For the relative few who remain smokers, a hefty financial price exists for their pricey habit – a windfall mainly picked up by the government.

New Zealand, along with nearby Australia, is the most expensive place in the world to buy cigarettes. A packet of 20 Marlboros purchased in Auckland costs £20. Of this, the government rakes in 87 per cent from the sale in excise and VAT-style taxes on each sale.

No wonder that the black market is already highly organised and growing apace.

Already hundreds of millions of illicit cigarettes are seized each year at the Australian border. In 2021, it was estimated that one in five cigarettes consumed in Australia had been smuggled, up from one in 12 in 2007.

New Zealand’s deputy prime minister, Winston Peters, has long made much of the threat this poses to the exchequer as well as the physical safety of those who legally sell tobacco.

Hiking excise taxes past a certain point ultimately profits criminals and ineluctably leads to at least some merchants “being murdered and assaulted” in their stores, he has warned.

Indeed, during last year’s general election campaign, retail crime emerged as one of the biggest areas of voter concern. Vehicular ram-raiders tended to almost invariably target smaller liquor stores and retail outlets for their tobacco products.

In some cases, store-owners have been seriously assaulted and even murdered by those giving a brutal new definition to the cliché of driving down to the corner store to grab a pack of cigs.

Similar warnings over a burgeoning black market caused by the Tobacco and Vapes Bill – which would ban anyone born after 2009 from buying cigarettes – have been made here in Britain. Sir Simon Clarke, Conservative MP and critic of the Prime Minister, told the Today programme: “I think it actually risks making smoking cooler, it certainly risks creating a black market, and it also risks creating an unmanageable challenge for the authorities.”

Sir Simon Clarke has voiced his concerns that the smoking ban will fuel a black market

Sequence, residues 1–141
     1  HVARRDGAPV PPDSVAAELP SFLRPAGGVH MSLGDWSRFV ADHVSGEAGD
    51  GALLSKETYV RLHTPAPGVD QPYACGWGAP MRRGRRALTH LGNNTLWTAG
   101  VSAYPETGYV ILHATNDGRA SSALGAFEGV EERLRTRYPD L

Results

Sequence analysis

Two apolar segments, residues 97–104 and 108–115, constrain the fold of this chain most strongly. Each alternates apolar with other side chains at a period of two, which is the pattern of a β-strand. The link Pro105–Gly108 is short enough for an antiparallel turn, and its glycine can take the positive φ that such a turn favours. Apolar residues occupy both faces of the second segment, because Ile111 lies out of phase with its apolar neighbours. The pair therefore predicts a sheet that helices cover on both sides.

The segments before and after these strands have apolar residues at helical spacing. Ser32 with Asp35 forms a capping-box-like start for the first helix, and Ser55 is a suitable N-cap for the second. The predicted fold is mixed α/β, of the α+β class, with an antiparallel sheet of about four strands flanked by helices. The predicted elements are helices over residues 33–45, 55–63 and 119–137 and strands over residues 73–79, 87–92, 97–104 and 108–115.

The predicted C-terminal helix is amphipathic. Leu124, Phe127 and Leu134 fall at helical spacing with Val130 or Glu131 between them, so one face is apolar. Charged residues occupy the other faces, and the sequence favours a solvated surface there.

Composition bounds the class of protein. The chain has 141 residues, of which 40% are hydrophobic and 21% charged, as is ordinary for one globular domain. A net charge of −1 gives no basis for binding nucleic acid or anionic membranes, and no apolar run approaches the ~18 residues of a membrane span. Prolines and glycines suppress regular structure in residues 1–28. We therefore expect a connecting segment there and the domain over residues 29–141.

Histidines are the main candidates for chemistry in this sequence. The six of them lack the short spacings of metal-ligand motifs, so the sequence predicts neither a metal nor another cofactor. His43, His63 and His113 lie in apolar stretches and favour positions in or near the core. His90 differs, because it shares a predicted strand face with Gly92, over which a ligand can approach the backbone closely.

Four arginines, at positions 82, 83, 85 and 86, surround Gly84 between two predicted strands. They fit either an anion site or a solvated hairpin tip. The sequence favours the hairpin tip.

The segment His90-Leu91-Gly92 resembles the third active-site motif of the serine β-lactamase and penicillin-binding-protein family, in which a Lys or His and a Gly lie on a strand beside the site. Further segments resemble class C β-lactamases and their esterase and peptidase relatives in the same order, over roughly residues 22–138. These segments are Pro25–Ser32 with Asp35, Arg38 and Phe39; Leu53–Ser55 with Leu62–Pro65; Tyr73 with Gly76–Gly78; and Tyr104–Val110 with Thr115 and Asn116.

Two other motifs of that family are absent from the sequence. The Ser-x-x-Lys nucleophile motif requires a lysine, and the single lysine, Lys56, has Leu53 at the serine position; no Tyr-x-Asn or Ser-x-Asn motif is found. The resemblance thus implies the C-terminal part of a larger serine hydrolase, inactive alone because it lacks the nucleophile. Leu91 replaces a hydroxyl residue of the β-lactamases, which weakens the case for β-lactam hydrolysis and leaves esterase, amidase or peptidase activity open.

Sir Simon Clarke has voiced his concerns that the smoking ban will fuel a black market - PA

And it seems even Liberty Truss, the 15-year-old daughter of former prime minister Liz Truss, sees the growth potential for enterprising ne’er-do-wells, saying at her mother’s recent book launch: “As someone born in November 2008, I can flog overpriced cigarettes to my friends.”

Purves observes the irony that a “supposedly centre-Right” government in his homeland should be heading down the same tobacco road that an actual centre-Right government in his adopted country has moved away from.

The best proposal, he believes, is for both nations to give consumers the choice of cheaper, safer products such as vapes, allowing them to clear their own throats and voluntarily change their own behaviour.

While there remains an important role for public health services in energetically discouraging people from smoking, “in a liberal society, if adults understand the risks and still choose to light up, they should be free to do so without excessive government interference”.

Even though almost half of Rishi Sunak’s own party are either firmly against or unconvinced by his smoking ban, it seems likely to pass into law with the help of the Labour opposition.

Sunak may get his legacy, but despite his best intentions, his party and country may not thank him for it.

Many of those against the proposals are apprehensive that they are merely the thin end of the wedge.

“My real fear is that this is not the final stage that the health police want to push,” warned Liz Truss during the debate in the House of Commons on the measures on Monday.

People want “to be able to make their own decisions about what they eat, what they drink and how they enjoy themselves”.

She added: “The only other country in the world where such a bill was brought forward was New Zealand, under a very Left-wing prime minister. That bill has now been reversed under the new conservative government in New Zealand… If people want to vote for finger-wagging, nannying control freaks, there are plenty of them to choose from in the Opposition, and that is the way they will vote.”